Tuesday, October 4, 2016

NEWTON'S THREE LAWS IS QUITE SUFFICIENT TO UNDERSTAND CAR COLLISIONS.

The amount of force that causes an accident is largely dependent on Newton’s 2nd and 3rd laws, i.e. F=MA, and For every action, there is an equal and opposite reactionish, respectively. Newton’s 1st law, Every object in a state of uniform motion tends to remain in that state of motion unless an external force is applied to it, explains why passengers in cars are thrown about in a collision, which usually results in a sudden acceleration or deceleration. Factors that affect the degree of damage to the car and injury to passengers are the hardness of the car body, the initial cruising speed of the car, angle of collision ( from where does the car impact on to), the design of the car, the weight of the car, and body mass and position of the passengers of the any car or truck or van or motorcycles.or bus.
1. The harder the anycar body, the greater the rate of acceleration or deceleration on the whole, for the car. A greater acceleration for the same mass results in greater force ( F=MA), which would mean passengers of the car would be subject to more violent jerking and might possible sustain more injury, even though the car would have less damage. Likewise, the softer the car body, the more damage the car would sustain. This would mean the car body would crumple up more and a slower rate of acceleration or deceleration on the whole for the car, resulting in less violent jerks of passengers, meaning less chance of injury. Of course, if the car were too soft, passengers would be crushed to death by the impact.
                                                                                                                                  The faster the initial cruising speed of the car's, the greater the impact felt. This is explained by 3rd law. If a car were to crash into a brick wall, the brick wall would exert an equal and opposite pressure on the car, which is what causes the car to crumple up and throw the passengers about. For a slower initial cruising speed, the less the force acting on the brick wall and since an equal and opposite reaction is acted on the car, the lesser the force crumpling up the car.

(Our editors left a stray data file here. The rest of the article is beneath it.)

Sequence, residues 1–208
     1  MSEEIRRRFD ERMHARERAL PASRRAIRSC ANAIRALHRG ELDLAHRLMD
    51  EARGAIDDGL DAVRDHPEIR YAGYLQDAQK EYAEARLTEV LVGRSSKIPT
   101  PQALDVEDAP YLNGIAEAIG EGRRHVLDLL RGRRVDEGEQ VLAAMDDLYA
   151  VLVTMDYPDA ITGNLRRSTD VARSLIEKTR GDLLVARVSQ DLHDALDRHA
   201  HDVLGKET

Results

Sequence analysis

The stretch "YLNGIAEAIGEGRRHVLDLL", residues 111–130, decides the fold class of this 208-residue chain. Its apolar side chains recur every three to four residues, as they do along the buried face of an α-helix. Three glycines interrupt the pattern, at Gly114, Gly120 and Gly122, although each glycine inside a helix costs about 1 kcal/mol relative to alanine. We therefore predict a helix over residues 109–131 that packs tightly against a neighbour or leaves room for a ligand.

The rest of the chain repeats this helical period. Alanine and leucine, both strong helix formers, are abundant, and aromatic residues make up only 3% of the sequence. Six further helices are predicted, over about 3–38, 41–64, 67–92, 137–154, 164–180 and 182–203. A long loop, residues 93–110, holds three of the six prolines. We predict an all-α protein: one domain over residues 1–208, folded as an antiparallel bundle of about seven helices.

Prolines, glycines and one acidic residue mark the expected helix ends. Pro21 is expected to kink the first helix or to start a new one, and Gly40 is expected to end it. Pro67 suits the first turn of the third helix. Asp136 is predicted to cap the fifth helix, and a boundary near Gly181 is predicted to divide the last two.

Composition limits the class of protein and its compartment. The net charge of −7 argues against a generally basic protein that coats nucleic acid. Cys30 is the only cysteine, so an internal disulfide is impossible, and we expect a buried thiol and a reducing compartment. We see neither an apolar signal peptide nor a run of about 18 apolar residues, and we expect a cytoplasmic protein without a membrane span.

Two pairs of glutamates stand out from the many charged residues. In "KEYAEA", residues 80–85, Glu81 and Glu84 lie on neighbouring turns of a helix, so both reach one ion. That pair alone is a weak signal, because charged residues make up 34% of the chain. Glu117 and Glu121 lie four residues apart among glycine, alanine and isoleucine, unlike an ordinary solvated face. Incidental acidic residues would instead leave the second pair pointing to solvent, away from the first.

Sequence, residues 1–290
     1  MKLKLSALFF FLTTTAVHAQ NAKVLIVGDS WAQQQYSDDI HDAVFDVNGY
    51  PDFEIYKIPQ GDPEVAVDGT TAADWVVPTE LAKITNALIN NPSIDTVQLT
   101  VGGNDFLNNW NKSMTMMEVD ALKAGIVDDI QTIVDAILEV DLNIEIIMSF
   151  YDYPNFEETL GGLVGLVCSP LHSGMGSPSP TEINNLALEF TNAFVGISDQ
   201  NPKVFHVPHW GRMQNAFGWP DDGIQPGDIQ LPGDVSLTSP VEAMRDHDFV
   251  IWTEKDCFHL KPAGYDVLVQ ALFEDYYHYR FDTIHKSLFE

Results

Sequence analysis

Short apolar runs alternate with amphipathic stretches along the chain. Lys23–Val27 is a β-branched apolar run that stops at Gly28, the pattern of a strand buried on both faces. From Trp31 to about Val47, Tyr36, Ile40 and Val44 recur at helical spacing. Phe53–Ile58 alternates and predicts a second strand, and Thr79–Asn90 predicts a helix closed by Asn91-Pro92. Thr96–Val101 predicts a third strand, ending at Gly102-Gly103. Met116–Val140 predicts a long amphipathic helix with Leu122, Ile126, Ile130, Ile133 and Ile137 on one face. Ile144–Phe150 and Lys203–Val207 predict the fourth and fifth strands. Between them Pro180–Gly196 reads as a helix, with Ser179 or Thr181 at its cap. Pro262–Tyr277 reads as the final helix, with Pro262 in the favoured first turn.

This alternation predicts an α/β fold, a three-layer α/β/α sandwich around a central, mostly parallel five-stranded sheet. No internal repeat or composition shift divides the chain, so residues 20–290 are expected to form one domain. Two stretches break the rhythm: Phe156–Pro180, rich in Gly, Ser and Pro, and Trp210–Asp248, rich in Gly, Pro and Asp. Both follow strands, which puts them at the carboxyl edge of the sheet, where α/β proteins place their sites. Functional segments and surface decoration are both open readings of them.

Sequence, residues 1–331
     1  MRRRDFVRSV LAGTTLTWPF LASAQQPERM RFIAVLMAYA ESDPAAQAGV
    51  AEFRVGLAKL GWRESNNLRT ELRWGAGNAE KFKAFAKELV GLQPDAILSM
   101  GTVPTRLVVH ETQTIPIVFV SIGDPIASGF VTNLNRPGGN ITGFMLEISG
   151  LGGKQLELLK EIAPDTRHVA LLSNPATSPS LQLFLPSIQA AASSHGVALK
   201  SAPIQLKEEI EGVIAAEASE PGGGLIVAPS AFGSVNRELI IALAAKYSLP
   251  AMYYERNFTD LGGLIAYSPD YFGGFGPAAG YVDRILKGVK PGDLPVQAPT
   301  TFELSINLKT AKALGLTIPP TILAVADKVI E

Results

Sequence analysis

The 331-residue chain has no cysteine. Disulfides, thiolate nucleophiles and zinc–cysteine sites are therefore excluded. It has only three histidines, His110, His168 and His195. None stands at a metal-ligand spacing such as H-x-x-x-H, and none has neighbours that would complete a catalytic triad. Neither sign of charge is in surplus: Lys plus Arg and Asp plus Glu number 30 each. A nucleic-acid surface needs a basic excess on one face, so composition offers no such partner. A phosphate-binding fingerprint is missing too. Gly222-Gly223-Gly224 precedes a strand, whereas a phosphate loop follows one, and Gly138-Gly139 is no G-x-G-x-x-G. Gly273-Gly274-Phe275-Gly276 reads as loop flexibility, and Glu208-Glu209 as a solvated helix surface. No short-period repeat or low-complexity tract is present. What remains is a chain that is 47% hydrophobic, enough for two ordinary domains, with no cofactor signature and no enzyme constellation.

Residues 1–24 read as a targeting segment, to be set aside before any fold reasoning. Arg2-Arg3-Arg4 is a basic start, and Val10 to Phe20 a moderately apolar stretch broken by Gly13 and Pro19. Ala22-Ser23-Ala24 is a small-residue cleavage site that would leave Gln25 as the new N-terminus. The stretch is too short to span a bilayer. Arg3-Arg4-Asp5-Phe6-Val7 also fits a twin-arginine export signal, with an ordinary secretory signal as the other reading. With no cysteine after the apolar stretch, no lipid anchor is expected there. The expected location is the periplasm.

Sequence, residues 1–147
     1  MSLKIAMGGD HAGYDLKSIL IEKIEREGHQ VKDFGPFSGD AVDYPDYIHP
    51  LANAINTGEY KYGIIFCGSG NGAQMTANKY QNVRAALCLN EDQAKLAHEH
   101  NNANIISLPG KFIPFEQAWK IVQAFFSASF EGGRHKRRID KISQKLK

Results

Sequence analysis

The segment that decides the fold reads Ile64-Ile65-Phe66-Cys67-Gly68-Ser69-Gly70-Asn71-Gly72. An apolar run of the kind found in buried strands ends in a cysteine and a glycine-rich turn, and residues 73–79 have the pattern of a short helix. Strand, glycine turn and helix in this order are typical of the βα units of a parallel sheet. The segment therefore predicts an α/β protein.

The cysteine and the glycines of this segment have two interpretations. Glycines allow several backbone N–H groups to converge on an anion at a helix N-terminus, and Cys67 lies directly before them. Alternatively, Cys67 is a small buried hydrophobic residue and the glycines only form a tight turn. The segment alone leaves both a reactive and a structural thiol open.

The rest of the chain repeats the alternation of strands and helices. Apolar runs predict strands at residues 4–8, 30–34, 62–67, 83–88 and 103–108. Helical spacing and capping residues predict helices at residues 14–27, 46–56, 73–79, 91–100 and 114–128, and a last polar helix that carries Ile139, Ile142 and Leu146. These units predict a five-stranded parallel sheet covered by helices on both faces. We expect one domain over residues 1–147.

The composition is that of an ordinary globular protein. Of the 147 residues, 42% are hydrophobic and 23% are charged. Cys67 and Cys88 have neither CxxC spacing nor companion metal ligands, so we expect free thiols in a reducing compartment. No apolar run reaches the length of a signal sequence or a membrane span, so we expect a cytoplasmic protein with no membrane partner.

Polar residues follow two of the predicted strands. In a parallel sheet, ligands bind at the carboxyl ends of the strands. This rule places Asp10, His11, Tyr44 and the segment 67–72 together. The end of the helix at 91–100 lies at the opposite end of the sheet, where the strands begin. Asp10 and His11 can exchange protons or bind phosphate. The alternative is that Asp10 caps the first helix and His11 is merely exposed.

For head-on and 90 degrees car crashes, front and side airbags would offer the greatest protection and hence minimize injuries sustained by passengers.

However, for 45 degree crashes, meaning impact from the corners of the car, airbags tend to cover less of the areas in which passengers are thrown at, meaning passengers might bump into hard windows are metal frames of the cars and probably more severe injuries.

Design of the car is a complicated aspect.

Recent technological innovations like seatbelts, airbags, impact-absorbing side-panels, front-and-rear head restraints, impact-absorbing bumpers and interiors with no sharp edges have all contributed to less injury sustained by passengers during car collisions.

The greater the weight, or mass, of the car, the greater the forces dealt.

This is because of F=MA, meaning if the car crashing into a stationary car were very heavy as compared to the stationary car, the stationary car could be sent flying. However if the roles were reversed and the car crashing into the stationary car were much lighter than the stationary car, the stationary car would not sustain much damage.

If the passenger of the car were very light, he or she would have a higher chance of being thrown out of his seat than if he or she were a heavier person, as can be explained by F=MA. For the same force applied on the person, if he or she were heavier, meaning greater mass, the acceleration would be less, based on F=MA. Likewise if he or she were lighter, for the same force applied, the acceleration would be greater. The center of gravity of the person would also affect how much he or she is jerked about during collision, the relationship being that a person with low center of gravity would be more stable in his or her seat, while a person with higher center of gravity would be less stable in his or her seat. Center of gravity is related to height above the ground, and mass, meaning to say, in layman terms, a tall person would sway about more than a short person, and a heavier person would bounce around less than a light person.
I draw out a theoretical circumstance to show the computations. 

An auto (An) of 1000 kg going at a steady speed of 100km/h crashes into another auto (B) additionally of 1000kg and going at a consistent pace of 100km/h the other way of the principal auto. There is 1 traveler in both the autos and they both weigh 60kg each. After the crash, both autos were uprooted 10 meters from the purpose of impact in 2 seconds 

Given this, as a result of F=MA, the power that every auto slammed with is [1060 (10/2) ] N, which is 5300N. The traveler of every auto, would consequently encounter 5300N of forward force before being yanked back by the safety belt. 5300N of power on any individual is not a little sum, henceforth both people may manage cerebrum discharge by virtue of the sudden development of the head. The head would move the most on the grounds that it is uttermost from the support which is the lower body strapped to the seat by the seatbelt. The airbag would presumably pad the head and moderate its sudden quickening forward and in reverse by some amount, but 5300N would probably still lead to, at least a broken nose from impact into the airbag. The ensuing snap back into the seat might be hard enough to injure the spinal chord of the passenger, and all this is assuming there are no sharp exposed metal pieces from the crumpled and twisted car metal to cause abrasions, lacerations and internal injury.

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